Old Dec 24, 2011, 04:03 PM   #20
thundersteele
macrumors 68030
 
Join Date: Oct 2011
Here is my version:

2.2 or 2.4 GHz:
If you don't know whether you need the faster model or not, you don't need it.

SSD:
If you can afford a SSD with sufficient storage for your use, by all means go for it.

RAM or SSD upgrade:
Both. If you can afford a MBP and a SSD, you can also find $40 for the RAM upgrade.

CPU or RAM upgrade:
CPU! The RAM can be upgraded later, for much less money, while the CPU will stay until the laptop explodes.
thundersteele is offline   0 Reply With Quote
Old Dec 26, 2011, 03:19 PM   #21
theSeb
Thread Starter
macrumors 603
 
Join Date: Aug 2010
Location: Poole, England
Quote:
Originally Posted by thundersteele View Post
Here is my version:

2.2 or 2.4 GHz:
If you don't know whether you need the faster model or not, you don't need it.

SSD:
If you can afford a SSD with sufficient storage for your use, by all means go for it.

RAM or SSD upgrade:
Both. If you can afford a MBP and a SSD, you can also find $40 for the RAM upgrade.

CPU or RAM upgrade:
CPU! The RAM can be upgraded later, for much less money, while the CPU will stay until the laptop explodes.
I would disagree with your last statement. The CPU upgrade does not make financial sense for most users. For example in the UK it costs £190 to upgrade from 2.4 quad to 2.5 quad. This is not an increase that will be noticeable to most users. I would suggest to hold the money back and spend it on a new computer after a refresh or a couple of them.
theSeb is offline   0 Reply With Quote
Old Jan 12, 2012, 09:35 AM   #22
bdodds1985
macrumors 6502a
 
bdodds1985's Avatar
 
Join Date: Jul 2011
Location: Tartarus
you are awesome, and thank you for sharing these comparisons with us!
__________________

| Mac Mini | MBP |
bdodds1985 is offline   0 Reply With Quote
Old Jan 12, 2012, 01:49 PM   #23
m85476585
macrumors 65816
 
Join Date: Feb 2008
This is great information.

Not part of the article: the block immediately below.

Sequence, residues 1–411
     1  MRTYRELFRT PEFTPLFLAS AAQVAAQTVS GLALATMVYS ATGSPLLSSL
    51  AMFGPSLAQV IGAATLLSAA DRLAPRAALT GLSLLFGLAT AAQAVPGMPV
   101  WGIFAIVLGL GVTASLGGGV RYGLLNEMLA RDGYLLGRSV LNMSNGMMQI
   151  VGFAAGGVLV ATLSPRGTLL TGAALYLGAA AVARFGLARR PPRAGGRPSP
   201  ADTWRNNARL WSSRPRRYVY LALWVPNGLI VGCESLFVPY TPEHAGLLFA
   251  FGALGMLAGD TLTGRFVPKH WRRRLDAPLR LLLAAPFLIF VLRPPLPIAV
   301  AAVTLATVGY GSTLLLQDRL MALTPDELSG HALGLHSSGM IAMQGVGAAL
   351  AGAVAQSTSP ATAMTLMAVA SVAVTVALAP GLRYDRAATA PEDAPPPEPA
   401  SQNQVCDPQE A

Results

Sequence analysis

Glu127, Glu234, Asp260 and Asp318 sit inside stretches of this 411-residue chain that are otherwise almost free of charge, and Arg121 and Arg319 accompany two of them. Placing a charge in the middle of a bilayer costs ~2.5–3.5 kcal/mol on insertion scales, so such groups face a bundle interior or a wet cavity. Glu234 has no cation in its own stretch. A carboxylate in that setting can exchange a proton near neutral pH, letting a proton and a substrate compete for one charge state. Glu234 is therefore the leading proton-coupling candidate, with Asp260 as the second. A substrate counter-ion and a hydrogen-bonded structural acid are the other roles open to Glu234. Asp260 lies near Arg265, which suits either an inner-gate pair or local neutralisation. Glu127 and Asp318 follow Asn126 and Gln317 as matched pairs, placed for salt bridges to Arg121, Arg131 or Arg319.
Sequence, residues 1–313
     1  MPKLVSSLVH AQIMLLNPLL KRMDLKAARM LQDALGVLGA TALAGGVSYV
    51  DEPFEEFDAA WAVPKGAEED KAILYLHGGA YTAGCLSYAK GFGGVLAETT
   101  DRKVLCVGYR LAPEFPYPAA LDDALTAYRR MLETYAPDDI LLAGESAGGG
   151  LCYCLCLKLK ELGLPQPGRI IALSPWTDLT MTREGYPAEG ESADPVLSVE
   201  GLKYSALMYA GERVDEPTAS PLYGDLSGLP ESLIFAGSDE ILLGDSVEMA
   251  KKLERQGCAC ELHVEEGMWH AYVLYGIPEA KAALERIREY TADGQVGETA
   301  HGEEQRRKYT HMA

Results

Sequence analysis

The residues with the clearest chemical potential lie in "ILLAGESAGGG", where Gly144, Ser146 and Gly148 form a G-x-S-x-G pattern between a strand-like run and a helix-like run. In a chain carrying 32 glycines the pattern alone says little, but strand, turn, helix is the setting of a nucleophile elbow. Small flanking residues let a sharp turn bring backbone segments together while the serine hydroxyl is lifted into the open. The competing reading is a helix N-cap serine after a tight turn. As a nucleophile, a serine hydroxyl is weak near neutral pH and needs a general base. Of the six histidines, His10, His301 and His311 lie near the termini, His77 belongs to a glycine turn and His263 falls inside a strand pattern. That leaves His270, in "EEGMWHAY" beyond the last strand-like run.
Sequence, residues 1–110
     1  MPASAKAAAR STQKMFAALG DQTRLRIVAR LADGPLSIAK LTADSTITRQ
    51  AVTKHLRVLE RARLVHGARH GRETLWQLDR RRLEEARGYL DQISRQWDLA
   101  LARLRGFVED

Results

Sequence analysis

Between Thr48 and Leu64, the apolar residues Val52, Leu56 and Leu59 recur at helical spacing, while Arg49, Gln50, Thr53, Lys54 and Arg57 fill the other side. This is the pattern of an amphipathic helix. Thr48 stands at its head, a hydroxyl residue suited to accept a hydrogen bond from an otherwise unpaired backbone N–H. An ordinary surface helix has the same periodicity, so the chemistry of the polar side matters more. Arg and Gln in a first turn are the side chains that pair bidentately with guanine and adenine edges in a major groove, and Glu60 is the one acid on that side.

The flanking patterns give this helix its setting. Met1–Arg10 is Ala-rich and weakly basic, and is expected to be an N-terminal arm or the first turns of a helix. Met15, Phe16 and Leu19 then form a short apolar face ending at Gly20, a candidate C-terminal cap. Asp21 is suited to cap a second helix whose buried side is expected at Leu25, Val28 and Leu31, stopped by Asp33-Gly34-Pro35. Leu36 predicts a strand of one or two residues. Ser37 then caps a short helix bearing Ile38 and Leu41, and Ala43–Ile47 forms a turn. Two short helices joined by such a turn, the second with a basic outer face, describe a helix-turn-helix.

There is a MBP FAQ that I wrote a while back in an attempt to answer the most common questions that always came up. It's a bit out of date now because last time I did anything with it was Spring 2010, and I don't think anyone reads it. You could integrate at least the summary of your results into the FAQ and link to this thread for people who want more detail. If we got the FAQ up to data and posted a link to it in a sticky (that no one would read) then maybe it would reduce some of the constant repeated questions (or maybe not).

http://guides.macrumors.com/MacBook_Pro_FAQ

Unfortunately I don't have time to maintain the FAQ any more. Keeping the information accurate might become a problem if there are a lot of people working on it with varying levels of experience.
__________________
Matt
m85476585 is offline   0 Reply With Quote
Old Jan 12, 2012, 02:03 PM   #24
snaky69
macrumors 68040
 
Join Date: Mar 2008
I commend the OP's great work and dedication, but this will most likely end up forgotten 6 or more pages back in a few days.

People who come on here to ask these questions usually don't bother reading or researching for themselves, they simply want someone knowledgable to spoon feed them information so that they can take a decision with their money.

If the average poster isn't able to work out that Google has most if not all the answers to his/her question, neither will he/she bother reading this thread.

Sad, isn't it?
__________________
Early 2008 MBP 2.4Ghz Penryn, 4GB RAM, WD Scorpio Black
2012 MBP 2.6Ghz Ivy Bridge, 16GB RAM, 840EVO and 750GB Opti-bay
iPhone 3G, 16GB, Black
iPhone 4S, 32GB, Black
snaky69 is offline   0 Reply With Quote
Old Jan 12, 2012, 02:19 PM   #25
GermanyChris
Banned
 
Join Date: Jul 2011
Location: Here
Quote:
Originally Posted by theSeb View Post
I would disagree with your last statement. The CPU upgrade does not make financial sense for most users. For example in the UK it costs £190 to upgrade from 2.4 quad to 2.5 quad. This is not an increase that will be noticeable to most users. I would suggest to hold the money back and spend it on a new computer after a refresh or a couple of them.
Perfect..I can read three or four things and answer my questions...

No need for the indepth stuff unless I care why 8GB won't benefit me etc.

You're the man, this should stem the should I upgrade questions provided it makes it sticky status :0)

You get within 50 miles of Stuttgart the beer is on me...
GermanyChris is offline   0 Reply With Quote

Reply
MacRumors Forums > Apple Hardware > Notebooks > MacBook Pro

Thread Tools Search this Thread
Search this Thread:

Advanced Search
Display Modes

Similar Threads
thread Thread Starter Forum Replies Last Post
Do bigger SSD's make laptops faster? What effects speed the most: SSD, RAM or CPU? Sandwich Jumper MacBook Air 9 Jan 24, 2014 11:43 AM
13'' rMBP RAM/CPU upgrade worth it? Kaspen MacBook Pro 11 Oct 26, 2013 01:44 PM
2010 27" i5 2.8 CPU upgrade worth it? jezzy iMac 9 Jan 15, 2013 07:57 AM
Is the $100 2.6GHz CPU upgrade worth it (over the stock 2.3GHz) on the rMBP? pgharavi MacBook Pro 46 Aug 6, 2012 09:45 AM
Looking into purchasing a 1.4GHz Sonnet CPU upgrade for my 400MHz Sawtooth. Worth it? alexreich PowerPC Macs 19 Jul 24, 2012 09:31 PM

Forum Jump

All times are GMT -5. The time now is 07:28 AM.

Mac Rumors | Mac | iPhone | iPhone Game Reviews | iPhone Apps

Mobile Version | Fixed | Fluid | Fluid HD
Copyright 2002-2013, MacRumors.com, LLC